It plans to increase 5-Star roast, fried and grilled chicken kiosks to 350 outlets across Myanmar by the end of 2018.

Mr Uthai is confident that closer integration of the ASEAN economy will facilitate trade, especially in food. This is a big windfall for Charoen Pokphand Foods Plc because the company already operates across all of Southeast Asia.


For broiler operations, some of the daily supply is produced internally in evaporative cooled housing. However, contract growers make up a sizable share. There

are more than 1,500 small-to-medium contract growers in the broiler sector with the average producer keeping 3,000 birds. The breeds are mainly Ross 308 and Cobb 500.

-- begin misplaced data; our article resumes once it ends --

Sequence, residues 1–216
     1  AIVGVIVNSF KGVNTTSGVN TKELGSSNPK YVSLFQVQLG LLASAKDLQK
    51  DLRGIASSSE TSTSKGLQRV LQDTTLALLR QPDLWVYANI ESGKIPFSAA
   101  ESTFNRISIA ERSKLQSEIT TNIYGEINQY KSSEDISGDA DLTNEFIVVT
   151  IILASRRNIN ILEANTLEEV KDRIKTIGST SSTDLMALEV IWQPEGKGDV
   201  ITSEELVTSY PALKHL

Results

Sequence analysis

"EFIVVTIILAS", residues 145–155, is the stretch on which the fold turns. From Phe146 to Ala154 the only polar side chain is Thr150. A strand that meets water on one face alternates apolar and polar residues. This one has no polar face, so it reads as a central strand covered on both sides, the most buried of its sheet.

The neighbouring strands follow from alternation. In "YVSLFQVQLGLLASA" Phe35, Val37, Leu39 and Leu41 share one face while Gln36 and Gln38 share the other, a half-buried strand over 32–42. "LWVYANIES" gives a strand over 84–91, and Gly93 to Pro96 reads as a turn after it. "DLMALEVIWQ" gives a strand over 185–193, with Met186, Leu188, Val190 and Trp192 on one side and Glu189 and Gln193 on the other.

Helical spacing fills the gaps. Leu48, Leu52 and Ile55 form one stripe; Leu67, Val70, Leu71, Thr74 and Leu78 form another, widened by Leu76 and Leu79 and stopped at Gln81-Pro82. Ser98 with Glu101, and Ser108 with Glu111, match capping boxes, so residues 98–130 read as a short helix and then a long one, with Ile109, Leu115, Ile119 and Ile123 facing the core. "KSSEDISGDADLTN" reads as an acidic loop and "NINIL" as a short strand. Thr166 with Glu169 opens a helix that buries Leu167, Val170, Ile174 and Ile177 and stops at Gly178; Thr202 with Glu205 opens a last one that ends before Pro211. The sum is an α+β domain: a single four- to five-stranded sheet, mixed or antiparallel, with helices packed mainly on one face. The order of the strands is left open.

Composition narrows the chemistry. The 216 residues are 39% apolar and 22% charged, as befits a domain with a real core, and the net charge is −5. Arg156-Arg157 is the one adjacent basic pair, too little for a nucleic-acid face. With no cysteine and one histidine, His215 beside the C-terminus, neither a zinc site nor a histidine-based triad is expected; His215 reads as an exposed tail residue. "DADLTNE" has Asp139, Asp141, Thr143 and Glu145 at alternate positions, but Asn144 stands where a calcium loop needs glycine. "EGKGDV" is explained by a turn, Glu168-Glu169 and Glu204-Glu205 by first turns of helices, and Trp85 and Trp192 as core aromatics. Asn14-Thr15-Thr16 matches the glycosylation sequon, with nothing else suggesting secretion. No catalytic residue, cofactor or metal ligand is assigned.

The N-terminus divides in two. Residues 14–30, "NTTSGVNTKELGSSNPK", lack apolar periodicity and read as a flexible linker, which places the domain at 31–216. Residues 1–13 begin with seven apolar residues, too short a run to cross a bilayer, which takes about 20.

Layer hens reared in evaporative-cooled housing. Construction of a 500,000-hen layer complex is underway

The company targets supplying two million birds/week for the entire country in 2018, up from 1.7 million birds in 2017. Total market size is three million birds/week.

Construction of breeder farms and hatcheries for broilers and layers is in the pipeline. The first layer complex with 500,000 birds will be built near Yangon and be operable by 2019.

Its core products in Myanmar’s layer sector, currently estimated at 11 million birds, are day-old chicks, pullets and eggs.

It is planning to expand finishing hog production via contract growers. Grand parent stock farms will be built in the near term with a target of one million finishers per year by 2023.

To promote contract growing, it will collaborate with the public sector and financial institutions in providing technical support and financial packages.

The hogs will be reared in evaporative-cooled housing. Each unit will contain four barns equipped with biogas systems holding 2,400 head/site. There will be around 50 villages joining the program.